Five months after deputy Secretary of Energy Daniel Poneman resigned in October 2014 and left the department’s Forrestal Building in Washington, he started a new job 11 miles away as president of a troubled corporation that he had championed while serving in government.
Over five and a half years—during public hearings in Congress and in private discussions with lawmakers and White House officials—Poneman, as the Energy Department’s chief operating officer, approved or advocated giving hundreds of millions of dollars in contracts and other assistance to the United States Enrichment Corporation (USEC), which processes uranium and sells nuclear fuel to private and government utilities, according to interviews with those who attended these sessions. Now, as head of that company, Poneman is making about $1.5 million this year and will pocket up to $2 million next year, according to reports filed with the Securities and Exchange Commission—a big jump from the $178,000 he earned annually as a government official.
Members of Congress have denounced Poneman’s lucrative move from government job to the private sector, and good-government advocates see this as a classic example of Washington’s so-called revolving door. It’s common for federal officials to shift from government to industry, but Poneman’s journey has drawn unusually harsh and bipartisan scrutiny. It has also brought new attention to the Energy Department’s ongoing efforts to bail out a private firm that has highly paid executives and still experiences huge losses.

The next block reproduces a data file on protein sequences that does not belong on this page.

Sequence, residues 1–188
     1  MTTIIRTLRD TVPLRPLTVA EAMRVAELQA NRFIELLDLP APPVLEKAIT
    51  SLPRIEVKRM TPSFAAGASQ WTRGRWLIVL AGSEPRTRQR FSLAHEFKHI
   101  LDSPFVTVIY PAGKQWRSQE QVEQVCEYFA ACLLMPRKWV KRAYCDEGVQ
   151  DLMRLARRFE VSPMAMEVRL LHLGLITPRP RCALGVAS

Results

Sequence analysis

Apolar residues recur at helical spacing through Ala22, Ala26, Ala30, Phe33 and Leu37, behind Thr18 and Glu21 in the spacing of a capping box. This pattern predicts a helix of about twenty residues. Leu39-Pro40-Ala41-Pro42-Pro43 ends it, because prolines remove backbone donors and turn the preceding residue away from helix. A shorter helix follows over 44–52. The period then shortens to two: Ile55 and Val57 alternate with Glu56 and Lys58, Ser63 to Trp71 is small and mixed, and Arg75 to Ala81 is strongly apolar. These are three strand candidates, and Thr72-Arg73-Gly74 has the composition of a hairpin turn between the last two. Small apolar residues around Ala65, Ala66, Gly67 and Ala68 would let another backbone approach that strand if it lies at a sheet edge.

In March, Reps. Jason Chaffetz (R-Utah) and Cynthia Lummis (R-Wyo.) wrote to Centrus—the new name USEC adopted after it declared bankruptcy in 2014—stating that Poneman’s new job raised questions about whether he had complied with rules requiring that federal officials looking for private employment report their contacts with potential employers and recuse themselves from related decision making. They noted that Poneman had been “substantially involved in business arrangements between the DOE and Centrus” when he was at the department.
Centrus spokesman Jeremy Derryberry confirmed in an email that Poneman “addressed” issues at the Energy Department that affected USEC, but he said Poneman did so to protect national security and to “advance the best interest of the American public.” A DOE lawyer told House lawmakers in an April 30 letter that there is no “indication” that Poneman violated the department’s ethics rules.